If so, that would be entirely in accord with the signs that the Olympics are already on a losing curve, as a spectator sport. That’s not merely because the stands in Rio were half empty, though that’s indicative. The US NBC network has just paid a huge amount for the rights to the Olympics from now until 2032 only to be hit with sharply declining audiences for the Rio coverage this year – and especially so among millennials.
Back in June, NBC Universal CEO Steve Burke had described his nightmare of about the Rio viewing outcome:
“We wake up someday and the ratings are down 20 percent,” the chief executive officer of NBC Universal said at a conference. “If that happens, my prediction would be that millennials had been in a Facebook bubble or a Snapchat bubble and the Olympics have come, and they didn’t know it.”
He has escaped that with the Rio games this year — but not by much. Prime-time broadcast viewership has been down about 17 percent compared to the London games four years ago. And in the 18-to-49-year-old age group coveted by advertisers, it’s been even worse. That audience has been 25 percent smaller, according to Bloomberg…
Basically, millennials have come to conclude that sport is …boring and lame. That’s certainly the thesis of New York magazine, citing the same figures as Bloomberg about viewer decline. It seems that young people have better things to do than watch people throw things and run around a track several times:
One of the defining features of millennials is that they have better opinions than the generations who came before them. More precisely, those born between 1982 and 2000 are uniquely adept at discerning when something that many people believe to be good is actually, objectively, very bad indeed. Studies have consistently shown that millennials are more likely to have the right opinions about such empirically bad things as Donald Trump, Budweiser, marriage, and finance capitalism… In other words, millennials’ mastery of technology has made them disproportionately aware that the Olympics are, in truth, boring and lame….. This is not to suggest that many individuals within older generations haven’t also come to appreciate that the Olympics are a dull spectacle built off the exploited labor of unpaid athletes and impoverished construction workers.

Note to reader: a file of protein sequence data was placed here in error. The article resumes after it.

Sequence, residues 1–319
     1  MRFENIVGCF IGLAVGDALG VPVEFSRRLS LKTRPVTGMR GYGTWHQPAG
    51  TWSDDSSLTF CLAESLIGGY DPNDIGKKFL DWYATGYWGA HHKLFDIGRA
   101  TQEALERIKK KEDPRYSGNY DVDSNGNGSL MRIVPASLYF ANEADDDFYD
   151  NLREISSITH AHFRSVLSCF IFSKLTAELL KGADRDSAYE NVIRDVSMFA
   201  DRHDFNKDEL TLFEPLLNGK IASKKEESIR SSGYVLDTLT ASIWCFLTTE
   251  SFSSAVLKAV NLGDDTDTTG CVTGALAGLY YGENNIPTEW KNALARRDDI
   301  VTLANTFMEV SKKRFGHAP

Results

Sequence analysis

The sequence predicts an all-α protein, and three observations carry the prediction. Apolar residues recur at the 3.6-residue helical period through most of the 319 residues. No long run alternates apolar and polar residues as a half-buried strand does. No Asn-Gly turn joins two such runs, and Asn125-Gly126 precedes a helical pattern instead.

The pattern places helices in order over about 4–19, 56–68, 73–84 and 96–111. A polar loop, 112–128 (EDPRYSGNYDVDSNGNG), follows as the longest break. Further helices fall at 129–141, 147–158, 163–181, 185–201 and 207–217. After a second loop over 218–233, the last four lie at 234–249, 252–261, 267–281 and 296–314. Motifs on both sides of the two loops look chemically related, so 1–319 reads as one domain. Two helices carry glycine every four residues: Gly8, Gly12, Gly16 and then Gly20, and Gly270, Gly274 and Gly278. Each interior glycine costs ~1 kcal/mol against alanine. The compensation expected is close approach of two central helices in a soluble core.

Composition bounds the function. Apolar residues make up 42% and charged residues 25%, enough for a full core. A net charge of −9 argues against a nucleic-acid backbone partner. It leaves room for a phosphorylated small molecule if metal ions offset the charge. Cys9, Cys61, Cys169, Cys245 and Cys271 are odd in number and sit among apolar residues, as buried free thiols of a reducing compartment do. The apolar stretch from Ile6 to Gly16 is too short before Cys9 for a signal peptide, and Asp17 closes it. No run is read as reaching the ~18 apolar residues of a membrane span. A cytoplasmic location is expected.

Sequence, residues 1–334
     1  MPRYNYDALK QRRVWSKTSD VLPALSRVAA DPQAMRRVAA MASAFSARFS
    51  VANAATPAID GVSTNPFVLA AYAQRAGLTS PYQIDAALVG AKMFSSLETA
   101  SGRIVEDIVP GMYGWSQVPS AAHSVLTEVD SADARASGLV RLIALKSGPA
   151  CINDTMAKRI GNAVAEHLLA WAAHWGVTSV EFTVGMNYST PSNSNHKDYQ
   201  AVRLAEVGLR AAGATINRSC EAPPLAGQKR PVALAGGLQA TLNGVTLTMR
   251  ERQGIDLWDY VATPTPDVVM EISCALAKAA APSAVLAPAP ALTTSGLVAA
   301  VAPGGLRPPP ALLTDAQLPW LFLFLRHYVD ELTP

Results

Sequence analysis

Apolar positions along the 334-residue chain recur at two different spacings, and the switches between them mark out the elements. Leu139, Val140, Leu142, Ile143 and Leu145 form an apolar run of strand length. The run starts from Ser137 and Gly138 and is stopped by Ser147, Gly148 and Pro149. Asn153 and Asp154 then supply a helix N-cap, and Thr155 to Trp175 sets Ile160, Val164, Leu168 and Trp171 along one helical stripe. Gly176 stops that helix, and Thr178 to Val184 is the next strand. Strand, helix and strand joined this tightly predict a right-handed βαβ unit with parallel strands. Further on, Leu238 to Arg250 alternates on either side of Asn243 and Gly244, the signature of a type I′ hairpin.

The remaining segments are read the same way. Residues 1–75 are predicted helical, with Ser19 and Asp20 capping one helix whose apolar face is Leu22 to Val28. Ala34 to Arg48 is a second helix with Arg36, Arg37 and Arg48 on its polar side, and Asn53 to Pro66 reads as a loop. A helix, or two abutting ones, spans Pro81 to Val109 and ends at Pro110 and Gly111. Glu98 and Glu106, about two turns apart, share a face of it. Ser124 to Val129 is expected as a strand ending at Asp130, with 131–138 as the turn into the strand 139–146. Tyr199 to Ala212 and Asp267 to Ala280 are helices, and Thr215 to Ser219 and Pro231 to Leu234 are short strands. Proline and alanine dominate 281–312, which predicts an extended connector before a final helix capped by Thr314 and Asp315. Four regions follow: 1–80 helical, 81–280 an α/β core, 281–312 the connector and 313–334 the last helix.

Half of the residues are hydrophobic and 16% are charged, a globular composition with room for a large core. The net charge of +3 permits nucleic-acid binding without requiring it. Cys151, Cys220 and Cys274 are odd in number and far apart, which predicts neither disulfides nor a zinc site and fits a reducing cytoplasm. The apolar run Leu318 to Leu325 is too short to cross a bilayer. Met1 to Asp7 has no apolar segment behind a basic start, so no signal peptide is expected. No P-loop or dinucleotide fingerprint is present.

Open Source Conference
The Open Source/Open Government (OS/OS conference kicks off in Wellington today…for two days of talk and illustration of how tech solutions can help to resolve those age old issues of information sharing and social empowerment. You can find the programme for OS/OS here.
….What else do you need ? Well, here’s little Julia Stiles (long before 10 Things I Hate About You ) making the case for open sesame and internet journalism. Work with me, people, work with me…
Frank Ocean, Finally
Like the Olympics, Frank Ocean’s new album has been four years in the making. Yes, its been that long since Channel Orange put him on the map. In fact, he’s released two albums over a matter of just a few days : a ‘visual album’ called Endless, and an old fangled CD called Blond. On a quick listen to both of them, this “Rushes” cut from Endless stands out…
P.S. In the column the other day about Vietnam –era throwbacks, I forgot this great live version of “I’m A Soldier” by the Soul Stirrers. This performance came in the period just after Sam Cooke and Johnnie Taylor were part of the group, and the terrific lead singer on this cut is Jimmy Outler. Its from the early 60s, a time when Vietnam was ramping up and a lot of black soldiers were being recruited and sent half around the world to fight for a ‘freedom’ they didn’t have at home. Even though Jimmy Outler and the gang are singing about a spiritual fight, there’s a layer or three of irony here.